VoICE Immunization Evidence

Household Catastrophic Healthcare Expenditure and Impoverishment Due to Rotavirus Gastroenteritis Requiring Hospitalization in Malaysia

Authored by: Loganathan, T., Lee, W.S., Lee, K.F., et al

Appears in:

From the VoICE Editors

This study of the cost of treating rotavirus in a large urban and in a large rural hospital in Malaysia also found that the costs of treating rotavirus were not as devastating to families treated in the rural hospital. More families treated in the rural setting were below the poverty line prior to rotavirus treatment and the authors note that many health expenses in the Malaysian health system are subsidized, to minimize out of pocket expenses in the poor rural areas. In the urban area, the poor pay as much out of pocket as the wealthy.

Key Concept

Key Evidence: Costs for treatment for rotavirus at a large urban hospital in Malaysia led one third of families to experience catastrophic health expenditures (CHC). When direct and indirect costs of treating rotavirus were considered, almost 9 in 10 families spent more than 10% of their monthly household income on treating rotavirus. In addition, 6% of families were pushed into poverty after paying for treatment.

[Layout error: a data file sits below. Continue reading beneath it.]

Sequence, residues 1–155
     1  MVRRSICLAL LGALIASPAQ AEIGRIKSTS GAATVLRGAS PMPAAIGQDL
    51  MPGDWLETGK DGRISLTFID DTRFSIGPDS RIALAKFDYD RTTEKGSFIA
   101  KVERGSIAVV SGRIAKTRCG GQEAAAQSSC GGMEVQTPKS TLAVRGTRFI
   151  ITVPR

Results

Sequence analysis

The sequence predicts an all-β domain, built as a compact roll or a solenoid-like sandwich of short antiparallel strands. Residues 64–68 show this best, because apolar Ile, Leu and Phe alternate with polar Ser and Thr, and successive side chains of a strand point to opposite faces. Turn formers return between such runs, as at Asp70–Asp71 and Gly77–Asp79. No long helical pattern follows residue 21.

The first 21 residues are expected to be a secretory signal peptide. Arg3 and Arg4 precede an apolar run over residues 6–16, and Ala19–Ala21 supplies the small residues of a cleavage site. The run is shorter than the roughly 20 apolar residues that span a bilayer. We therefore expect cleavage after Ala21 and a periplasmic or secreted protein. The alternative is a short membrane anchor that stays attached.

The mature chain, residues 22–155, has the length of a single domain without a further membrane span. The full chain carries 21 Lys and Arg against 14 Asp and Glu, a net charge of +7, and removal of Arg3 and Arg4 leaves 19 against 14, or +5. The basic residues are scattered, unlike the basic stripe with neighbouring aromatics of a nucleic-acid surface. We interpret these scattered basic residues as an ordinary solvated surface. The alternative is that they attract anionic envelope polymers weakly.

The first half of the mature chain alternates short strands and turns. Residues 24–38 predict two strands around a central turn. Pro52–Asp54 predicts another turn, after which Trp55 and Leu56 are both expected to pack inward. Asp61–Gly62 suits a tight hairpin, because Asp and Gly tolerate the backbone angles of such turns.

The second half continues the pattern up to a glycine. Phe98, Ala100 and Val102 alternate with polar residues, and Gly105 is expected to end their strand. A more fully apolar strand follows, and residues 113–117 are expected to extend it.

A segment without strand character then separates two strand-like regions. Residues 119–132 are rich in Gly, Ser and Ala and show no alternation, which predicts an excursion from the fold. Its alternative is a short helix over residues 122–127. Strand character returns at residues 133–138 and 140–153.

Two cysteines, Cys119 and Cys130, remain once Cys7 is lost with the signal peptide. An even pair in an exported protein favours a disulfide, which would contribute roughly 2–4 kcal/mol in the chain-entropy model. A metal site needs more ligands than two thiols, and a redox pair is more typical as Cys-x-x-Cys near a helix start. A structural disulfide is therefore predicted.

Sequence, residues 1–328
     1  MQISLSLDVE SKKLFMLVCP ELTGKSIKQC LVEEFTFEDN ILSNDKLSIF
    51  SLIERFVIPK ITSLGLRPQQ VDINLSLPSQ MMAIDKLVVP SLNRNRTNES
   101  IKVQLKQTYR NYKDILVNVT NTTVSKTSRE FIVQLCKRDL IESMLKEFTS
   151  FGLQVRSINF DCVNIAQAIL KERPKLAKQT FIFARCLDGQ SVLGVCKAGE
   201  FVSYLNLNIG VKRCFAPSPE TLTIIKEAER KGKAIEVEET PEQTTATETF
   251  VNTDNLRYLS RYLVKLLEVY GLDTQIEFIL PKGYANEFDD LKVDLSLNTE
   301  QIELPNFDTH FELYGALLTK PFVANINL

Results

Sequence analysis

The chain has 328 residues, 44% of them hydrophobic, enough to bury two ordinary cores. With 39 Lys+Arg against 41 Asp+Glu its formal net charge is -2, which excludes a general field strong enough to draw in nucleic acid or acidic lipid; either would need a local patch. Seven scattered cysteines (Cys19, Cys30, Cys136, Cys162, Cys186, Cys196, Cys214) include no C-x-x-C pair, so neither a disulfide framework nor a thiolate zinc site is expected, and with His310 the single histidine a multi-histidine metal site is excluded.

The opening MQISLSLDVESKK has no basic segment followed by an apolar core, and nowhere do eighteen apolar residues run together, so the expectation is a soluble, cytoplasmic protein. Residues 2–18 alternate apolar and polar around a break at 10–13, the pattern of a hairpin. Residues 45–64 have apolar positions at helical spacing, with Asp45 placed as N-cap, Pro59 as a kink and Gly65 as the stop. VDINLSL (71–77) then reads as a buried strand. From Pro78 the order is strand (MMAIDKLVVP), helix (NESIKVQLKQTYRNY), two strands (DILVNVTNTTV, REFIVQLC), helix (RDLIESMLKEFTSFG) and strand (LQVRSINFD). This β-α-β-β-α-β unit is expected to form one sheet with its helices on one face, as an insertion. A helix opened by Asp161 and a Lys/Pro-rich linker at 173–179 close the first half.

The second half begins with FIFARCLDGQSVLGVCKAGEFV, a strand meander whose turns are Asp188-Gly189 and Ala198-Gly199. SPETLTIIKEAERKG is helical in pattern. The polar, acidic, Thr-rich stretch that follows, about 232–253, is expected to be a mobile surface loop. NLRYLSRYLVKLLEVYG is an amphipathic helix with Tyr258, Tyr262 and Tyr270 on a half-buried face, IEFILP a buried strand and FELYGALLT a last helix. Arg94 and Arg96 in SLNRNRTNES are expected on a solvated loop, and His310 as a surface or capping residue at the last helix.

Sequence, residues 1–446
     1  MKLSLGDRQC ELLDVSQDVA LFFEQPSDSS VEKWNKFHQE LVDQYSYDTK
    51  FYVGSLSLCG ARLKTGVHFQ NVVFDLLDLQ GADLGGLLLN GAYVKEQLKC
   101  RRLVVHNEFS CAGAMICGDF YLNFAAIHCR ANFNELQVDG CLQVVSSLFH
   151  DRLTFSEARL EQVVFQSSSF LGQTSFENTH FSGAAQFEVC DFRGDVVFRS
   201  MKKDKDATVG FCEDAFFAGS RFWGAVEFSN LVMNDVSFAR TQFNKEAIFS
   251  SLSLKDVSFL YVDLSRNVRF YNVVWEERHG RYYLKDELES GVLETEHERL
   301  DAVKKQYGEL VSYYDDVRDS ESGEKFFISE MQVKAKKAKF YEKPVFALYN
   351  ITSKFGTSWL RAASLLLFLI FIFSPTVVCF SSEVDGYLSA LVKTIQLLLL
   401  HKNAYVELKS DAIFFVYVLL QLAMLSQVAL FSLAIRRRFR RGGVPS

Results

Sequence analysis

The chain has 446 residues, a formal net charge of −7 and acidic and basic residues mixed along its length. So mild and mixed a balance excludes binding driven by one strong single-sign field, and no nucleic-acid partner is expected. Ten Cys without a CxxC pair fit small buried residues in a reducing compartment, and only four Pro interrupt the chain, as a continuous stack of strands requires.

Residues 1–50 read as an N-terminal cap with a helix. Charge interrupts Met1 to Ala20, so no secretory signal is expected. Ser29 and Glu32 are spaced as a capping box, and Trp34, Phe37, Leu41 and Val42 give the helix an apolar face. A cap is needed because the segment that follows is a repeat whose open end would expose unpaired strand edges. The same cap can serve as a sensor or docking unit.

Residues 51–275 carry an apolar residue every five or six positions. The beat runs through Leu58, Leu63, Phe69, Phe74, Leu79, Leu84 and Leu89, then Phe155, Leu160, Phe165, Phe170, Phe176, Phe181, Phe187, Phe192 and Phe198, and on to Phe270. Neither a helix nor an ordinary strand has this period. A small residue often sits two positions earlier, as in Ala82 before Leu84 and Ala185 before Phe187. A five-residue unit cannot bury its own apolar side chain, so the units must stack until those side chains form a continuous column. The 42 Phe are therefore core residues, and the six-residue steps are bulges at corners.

Key Concept

Key Evidence: Costs for treatment for rotavirus at a large urban hospital in Malaysia led one third of families to experience catastrophic health expenditures (CHC). When direct and indirect costs of treating rotavirus were considered, almost 9 in 10 families spent more than 10% of their monthly household income on treating rotavirus. In addition, 6% of families were pushed into poverty after paying for treatment.

Published In

Loganathan, T., Lee, W.S., Lee, K.F., et al 2015. Household Catastrophic Healthcare Expenditure and Impoverishment Due to Rotavirus Gastroenteritis Requiring Hospitalization in Malaysia. PLOS One. 10(5).

Disease or Vaccine